China sees trade as tool of state policy, diplomatic weapon
In a recent speech in Montreal, Cong Peiwu, China’s ambassador to Canada, noted that while cooperation between Canada and China with COVID-19 was appreciated, it nevertheless was not enough to compensate for the tense relationship between the two countries and there remained an “outstanding issue for the bilateral relationship.”
The issue (whose name was not spoken) is of course the arrest of Huawei chief financial officer Meng Wanzhou by Canadian authorities after the United States requested her extradition.
If there’s a silver lining to Peiwu’s statement for Canada and the world, it’s that China obviously believes it has gotten the coronavirus situation under control because it would otherwise not push the envelope with such a statement. Obviously, China’s foreign policy now as ever is not about what assistance we have rendered them in the past but what we can do for them now. For a country that everyone assumes behaves with long-run calculated strategic goals, their foreign policy is remarkably present-oriented. Yet Ambassador Peiwu has given us food for thought.
Peiwu is quite right when he says our response to China’s COVID-19 plight is not enough to repair the relationship. However, he misconstrues the Canadian response if he thinks it was somehow about gaining brownie points rather than a demonstration of humanitarian concern. Indeed, our cooperation with China on COVID-19—from providing medical supplies and expertise to not blocking our borders to entry from China—is what members of the community of countries should do, irrespective of their outstanding issues on the economic and foreign policy front.
Moreover, since December 2018, the Canada-China relationship will never be the same. Canadians now have ample and clear evidence that China is a trade and diplomatic partner pas commes les autres.
For starters, China sees trade not as an exchange of goods and services but as a tool of state policy, and will use trade as a diplomatic weapon as demonstrated by the treatment of our exports of pork and canola. This is on top of what can only be termed “hostage diplomacy” in the detention of two Canadians in retaliation for the arrest of Wanzhou. And note the nuance; two Canadian citizens are worth one Chinese citizen.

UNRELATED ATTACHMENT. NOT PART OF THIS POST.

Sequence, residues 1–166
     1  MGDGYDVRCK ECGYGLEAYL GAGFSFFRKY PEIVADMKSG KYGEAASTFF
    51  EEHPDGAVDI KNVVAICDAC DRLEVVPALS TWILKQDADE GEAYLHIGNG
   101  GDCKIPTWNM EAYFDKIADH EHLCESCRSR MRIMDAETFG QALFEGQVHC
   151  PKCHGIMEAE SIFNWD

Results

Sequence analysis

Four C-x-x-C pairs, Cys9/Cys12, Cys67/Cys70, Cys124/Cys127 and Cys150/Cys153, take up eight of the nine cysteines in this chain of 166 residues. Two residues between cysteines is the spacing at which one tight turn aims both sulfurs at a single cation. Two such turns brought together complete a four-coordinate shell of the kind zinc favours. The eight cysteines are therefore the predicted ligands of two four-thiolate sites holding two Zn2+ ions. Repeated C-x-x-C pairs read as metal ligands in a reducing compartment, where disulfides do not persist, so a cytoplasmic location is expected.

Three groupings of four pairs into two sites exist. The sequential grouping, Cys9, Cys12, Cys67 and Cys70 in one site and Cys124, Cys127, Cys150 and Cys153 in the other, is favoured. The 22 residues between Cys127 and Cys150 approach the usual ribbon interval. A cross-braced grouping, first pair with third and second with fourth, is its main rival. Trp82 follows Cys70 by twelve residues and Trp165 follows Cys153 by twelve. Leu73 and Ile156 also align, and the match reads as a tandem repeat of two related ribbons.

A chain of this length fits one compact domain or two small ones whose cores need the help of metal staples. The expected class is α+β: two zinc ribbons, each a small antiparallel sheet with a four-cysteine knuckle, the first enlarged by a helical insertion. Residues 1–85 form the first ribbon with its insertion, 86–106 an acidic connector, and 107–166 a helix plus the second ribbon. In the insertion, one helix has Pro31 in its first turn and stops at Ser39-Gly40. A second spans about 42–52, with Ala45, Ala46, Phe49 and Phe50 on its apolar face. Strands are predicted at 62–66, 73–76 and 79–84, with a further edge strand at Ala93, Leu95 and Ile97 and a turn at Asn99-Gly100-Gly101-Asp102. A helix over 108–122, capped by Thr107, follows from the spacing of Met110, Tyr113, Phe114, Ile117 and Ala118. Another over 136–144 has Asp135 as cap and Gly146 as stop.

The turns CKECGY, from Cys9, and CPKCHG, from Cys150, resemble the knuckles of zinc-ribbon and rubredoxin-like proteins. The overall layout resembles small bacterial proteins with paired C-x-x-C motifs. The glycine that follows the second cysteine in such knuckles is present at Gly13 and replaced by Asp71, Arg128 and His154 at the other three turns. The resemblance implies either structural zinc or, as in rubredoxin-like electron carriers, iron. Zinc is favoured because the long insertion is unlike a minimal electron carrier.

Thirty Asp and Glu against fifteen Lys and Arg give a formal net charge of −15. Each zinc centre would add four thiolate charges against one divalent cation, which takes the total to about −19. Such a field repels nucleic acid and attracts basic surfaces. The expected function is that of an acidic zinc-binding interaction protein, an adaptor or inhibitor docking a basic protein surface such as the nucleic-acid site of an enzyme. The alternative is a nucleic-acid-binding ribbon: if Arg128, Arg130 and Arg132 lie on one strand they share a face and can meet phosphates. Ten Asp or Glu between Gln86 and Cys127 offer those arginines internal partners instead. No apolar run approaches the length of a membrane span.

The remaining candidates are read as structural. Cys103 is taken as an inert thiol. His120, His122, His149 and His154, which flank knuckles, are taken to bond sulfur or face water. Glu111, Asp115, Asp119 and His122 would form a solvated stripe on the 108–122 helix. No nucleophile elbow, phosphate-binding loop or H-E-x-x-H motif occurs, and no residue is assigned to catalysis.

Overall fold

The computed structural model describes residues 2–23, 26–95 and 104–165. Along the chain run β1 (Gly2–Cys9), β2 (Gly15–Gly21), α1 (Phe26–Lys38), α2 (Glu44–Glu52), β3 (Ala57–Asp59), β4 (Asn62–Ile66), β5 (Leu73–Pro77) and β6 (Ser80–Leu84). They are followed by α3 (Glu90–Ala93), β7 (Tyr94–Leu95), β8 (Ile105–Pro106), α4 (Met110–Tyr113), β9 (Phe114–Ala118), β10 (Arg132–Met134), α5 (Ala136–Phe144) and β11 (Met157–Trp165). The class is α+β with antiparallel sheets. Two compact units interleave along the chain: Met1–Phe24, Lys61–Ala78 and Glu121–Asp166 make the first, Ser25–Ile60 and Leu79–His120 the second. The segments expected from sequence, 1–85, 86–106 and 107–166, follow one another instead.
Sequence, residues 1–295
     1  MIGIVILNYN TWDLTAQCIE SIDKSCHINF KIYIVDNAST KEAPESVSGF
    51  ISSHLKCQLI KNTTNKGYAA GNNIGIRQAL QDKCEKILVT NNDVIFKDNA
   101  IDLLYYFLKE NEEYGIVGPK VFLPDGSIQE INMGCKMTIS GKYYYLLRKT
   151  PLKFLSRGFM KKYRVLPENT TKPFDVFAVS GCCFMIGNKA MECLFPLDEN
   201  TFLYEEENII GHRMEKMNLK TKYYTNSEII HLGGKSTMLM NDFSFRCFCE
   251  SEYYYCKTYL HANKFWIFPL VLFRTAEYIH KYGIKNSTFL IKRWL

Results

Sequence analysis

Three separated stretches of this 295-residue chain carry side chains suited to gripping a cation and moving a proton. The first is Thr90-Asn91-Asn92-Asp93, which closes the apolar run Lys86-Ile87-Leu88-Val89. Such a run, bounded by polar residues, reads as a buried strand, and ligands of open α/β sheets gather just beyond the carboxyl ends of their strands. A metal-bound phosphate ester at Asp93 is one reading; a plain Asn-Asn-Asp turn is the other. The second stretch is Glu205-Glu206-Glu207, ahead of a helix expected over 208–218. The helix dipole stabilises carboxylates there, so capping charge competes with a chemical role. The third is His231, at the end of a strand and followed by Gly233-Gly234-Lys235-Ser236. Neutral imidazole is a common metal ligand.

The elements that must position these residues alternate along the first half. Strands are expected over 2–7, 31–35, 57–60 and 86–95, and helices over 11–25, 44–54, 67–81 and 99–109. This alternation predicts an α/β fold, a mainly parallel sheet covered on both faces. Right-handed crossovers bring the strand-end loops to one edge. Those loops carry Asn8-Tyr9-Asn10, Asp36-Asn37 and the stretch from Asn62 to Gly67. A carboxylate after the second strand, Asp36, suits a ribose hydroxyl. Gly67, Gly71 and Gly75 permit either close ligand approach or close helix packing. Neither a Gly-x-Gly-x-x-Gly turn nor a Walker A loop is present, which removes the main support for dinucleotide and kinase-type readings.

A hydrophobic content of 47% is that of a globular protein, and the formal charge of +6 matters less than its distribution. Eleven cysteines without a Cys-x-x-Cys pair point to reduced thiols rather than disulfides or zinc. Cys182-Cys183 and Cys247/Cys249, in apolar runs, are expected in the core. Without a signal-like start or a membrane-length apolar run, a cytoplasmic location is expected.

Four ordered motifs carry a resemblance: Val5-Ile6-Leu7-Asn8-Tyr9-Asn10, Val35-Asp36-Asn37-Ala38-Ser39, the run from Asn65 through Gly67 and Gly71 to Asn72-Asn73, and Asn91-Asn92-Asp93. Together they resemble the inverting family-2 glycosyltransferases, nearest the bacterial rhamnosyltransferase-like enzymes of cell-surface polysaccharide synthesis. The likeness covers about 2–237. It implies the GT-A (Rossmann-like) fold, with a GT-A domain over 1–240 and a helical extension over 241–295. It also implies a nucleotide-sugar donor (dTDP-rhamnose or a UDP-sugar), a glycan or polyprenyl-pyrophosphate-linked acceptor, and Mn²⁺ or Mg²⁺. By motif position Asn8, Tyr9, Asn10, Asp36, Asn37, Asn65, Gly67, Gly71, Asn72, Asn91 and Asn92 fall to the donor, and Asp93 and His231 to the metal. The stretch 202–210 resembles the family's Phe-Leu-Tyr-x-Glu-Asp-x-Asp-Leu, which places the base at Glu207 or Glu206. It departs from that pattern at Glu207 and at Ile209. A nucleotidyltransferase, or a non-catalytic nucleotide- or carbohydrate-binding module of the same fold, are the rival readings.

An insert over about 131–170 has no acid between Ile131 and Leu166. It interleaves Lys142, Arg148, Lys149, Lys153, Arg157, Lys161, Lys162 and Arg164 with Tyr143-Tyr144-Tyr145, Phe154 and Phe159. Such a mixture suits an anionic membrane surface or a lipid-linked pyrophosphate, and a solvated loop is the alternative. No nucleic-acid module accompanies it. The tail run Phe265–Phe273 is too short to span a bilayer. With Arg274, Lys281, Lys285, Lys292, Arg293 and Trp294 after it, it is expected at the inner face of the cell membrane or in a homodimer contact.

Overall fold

China is not really a fully market-driven economy but rather is dominated by state enterprises, which behave as pseudo private-sector firms. When dealing with market and rule of law countries such as Canada, it wants our laws to treat its firms and citizens as essentially Canadian, but our firms and enterprises do not receive reciprocal treatment in China. For example, given the amount of property purchased by Chinese investors in Canada, someone should ask Ambassador Peiwu how much property Canadians own in China.
China also pursues an openly mercantilist policy that seeks to grow exports of value-added products while limiting imports mainly to resource inputs to fuel its industry. Again, its state-owned companies are prominent and make foreign investments to build an integrated supply and production chain to fuel domestic production.
China wants to be treated as an important and developed economy on the world stage, yet when it comes to trade it still wants the benefits of preferential treatment as a developing country. In the past, countries gave China preferential treatment in hopes it would develop, embrace democracy and become a full partner in the liberal economic world order. Clearly, this hasn’t happened.
So, thank you Ambassador Peiwu for helping open the eyes of Canadians in a manner that could not have been done without China’s help. And thank you for doing so with your newly-acquired Canadian sense of humour. After all, openly stating that there are no internment camps in Xinjiang and that they are merely vocational training centres is a lot like saying Nakina, Ontario is not a remote town, but merely close to nature.
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